Charles F. Dolan School of Business, Fairfield University
Proper modeling of the variances and covariances of financial assets is extremely important for many reasons. For example, risk premia are typically a function of risk that is mostly measured by the variance or the covariance of the asset of interest with some market index. Similarly, risk management requires the use of the variance–covariance matrix of portfolios of risky assets.
Recently, research interest has focused on the time variability of variances and covariances with the use of ARCH-type models. The autoregressive conditionally heteroskedastic model (ARCH) was proposed by Engle (1982) as a way of modeling volatility clustering. Even though the model was originally applied to UK unemployment data, it has been particularly successful in the modeling of variances of financial time series. There is a plethora of applications of univariate ARCH-type models in the area of finance (see Bollerslev, Chou, and Kroner 1992, for an excellent survey). Bollerslev, Engle, and Wooldridge (1988) introduced and estimated the first multivariate GARCH class of models. Koutmos and Booth (1995) introduced a multivariate exponential GARCH model to study volatility spillovers across major national stock markets.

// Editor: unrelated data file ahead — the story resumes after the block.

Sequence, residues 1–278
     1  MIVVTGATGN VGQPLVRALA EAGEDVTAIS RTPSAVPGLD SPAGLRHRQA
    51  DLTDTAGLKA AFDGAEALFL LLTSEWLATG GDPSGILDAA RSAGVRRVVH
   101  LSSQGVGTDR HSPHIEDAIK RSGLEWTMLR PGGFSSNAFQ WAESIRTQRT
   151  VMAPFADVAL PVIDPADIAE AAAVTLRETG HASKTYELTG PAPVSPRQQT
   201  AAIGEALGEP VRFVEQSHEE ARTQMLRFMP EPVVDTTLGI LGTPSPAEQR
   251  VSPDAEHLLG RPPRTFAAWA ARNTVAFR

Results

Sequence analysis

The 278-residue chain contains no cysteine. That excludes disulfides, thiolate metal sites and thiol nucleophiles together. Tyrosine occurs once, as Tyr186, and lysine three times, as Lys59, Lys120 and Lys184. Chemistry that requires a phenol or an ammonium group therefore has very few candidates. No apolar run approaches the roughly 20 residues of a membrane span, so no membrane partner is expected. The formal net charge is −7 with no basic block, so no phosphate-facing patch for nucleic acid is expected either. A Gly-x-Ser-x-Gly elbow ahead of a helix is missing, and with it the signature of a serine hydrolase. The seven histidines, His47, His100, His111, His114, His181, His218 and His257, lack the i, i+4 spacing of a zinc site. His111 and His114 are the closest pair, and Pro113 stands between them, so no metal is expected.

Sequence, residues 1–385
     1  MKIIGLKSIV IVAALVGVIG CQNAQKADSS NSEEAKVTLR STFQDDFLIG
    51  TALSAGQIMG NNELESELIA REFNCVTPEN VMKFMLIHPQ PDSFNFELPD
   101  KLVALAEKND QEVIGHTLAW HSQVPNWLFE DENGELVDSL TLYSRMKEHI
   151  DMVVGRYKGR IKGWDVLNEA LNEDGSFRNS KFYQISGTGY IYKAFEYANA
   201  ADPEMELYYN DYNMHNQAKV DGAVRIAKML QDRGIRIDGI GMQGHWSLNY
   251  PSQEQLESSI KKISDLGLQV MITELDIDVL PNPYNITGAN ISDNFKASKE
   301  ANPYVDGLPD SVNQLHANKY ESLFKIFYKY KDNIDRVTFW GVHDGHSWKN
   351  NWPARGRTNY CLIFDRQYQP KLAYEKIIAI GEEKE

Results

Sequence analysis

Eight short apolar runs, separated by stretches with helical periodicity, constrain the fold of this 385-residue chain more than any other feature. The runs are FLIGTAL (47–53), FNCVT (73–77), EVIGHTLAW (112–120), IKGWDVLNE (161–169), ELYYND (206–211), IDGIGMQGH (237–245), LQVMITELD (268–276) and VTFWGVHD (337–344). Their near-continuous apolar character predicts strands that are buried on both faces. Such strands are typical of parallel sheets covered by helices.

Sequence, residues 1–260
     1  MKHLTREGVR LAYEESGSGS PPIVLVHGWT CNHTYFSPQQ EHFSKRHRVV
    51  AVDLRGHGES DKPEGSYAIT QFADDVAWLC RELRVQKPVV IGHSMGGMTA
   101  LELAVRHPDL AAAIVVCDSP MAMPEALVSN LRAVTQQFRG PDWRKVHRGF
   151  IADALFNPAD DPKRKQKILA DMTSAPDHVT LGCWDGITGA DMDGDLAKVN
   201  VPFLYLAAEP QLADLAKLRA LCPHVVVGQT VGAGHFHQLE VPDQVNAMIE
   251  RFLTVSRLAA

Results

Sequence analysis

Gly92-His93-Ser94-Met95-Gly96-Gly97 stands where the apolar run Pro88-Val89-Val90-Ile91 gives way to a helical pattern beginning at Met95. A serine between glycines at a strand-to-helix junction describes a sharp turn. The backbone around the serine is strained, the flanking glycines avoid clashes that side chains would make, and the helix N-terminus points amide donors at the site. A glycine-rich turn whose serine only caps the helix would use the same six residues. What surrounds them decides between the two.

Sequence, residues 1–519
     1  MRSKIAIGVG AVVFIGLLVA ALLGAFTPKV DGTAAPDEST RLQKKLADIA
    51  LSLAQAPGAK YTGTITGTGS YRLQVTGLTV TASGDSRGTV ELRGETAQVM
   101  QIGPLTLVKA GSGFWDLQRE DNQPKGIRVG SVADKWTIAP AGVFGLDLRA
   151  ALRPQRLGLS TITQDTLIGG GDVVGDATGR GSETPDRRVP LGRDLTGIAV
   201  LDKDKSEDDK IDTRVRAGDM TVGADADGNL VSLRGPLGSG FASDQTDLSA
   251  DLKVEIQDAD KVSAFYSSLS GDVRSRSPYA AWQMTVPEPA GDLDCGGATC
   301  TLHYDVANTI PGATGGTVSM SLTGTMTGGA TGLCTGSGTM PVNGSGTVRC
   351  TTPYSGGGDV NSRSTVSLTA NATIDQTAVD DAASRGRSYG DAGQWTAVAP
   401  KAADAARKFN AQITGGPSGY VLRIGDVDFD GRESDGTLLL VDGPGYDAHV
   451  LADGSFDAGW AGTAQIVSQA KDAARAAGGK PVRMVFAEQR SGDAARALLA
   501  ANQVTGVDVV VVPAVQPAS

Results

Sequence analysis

The class of ARCH-type models has been extremely useful in terms of accommodating various hypotheses as well as stylized facts ...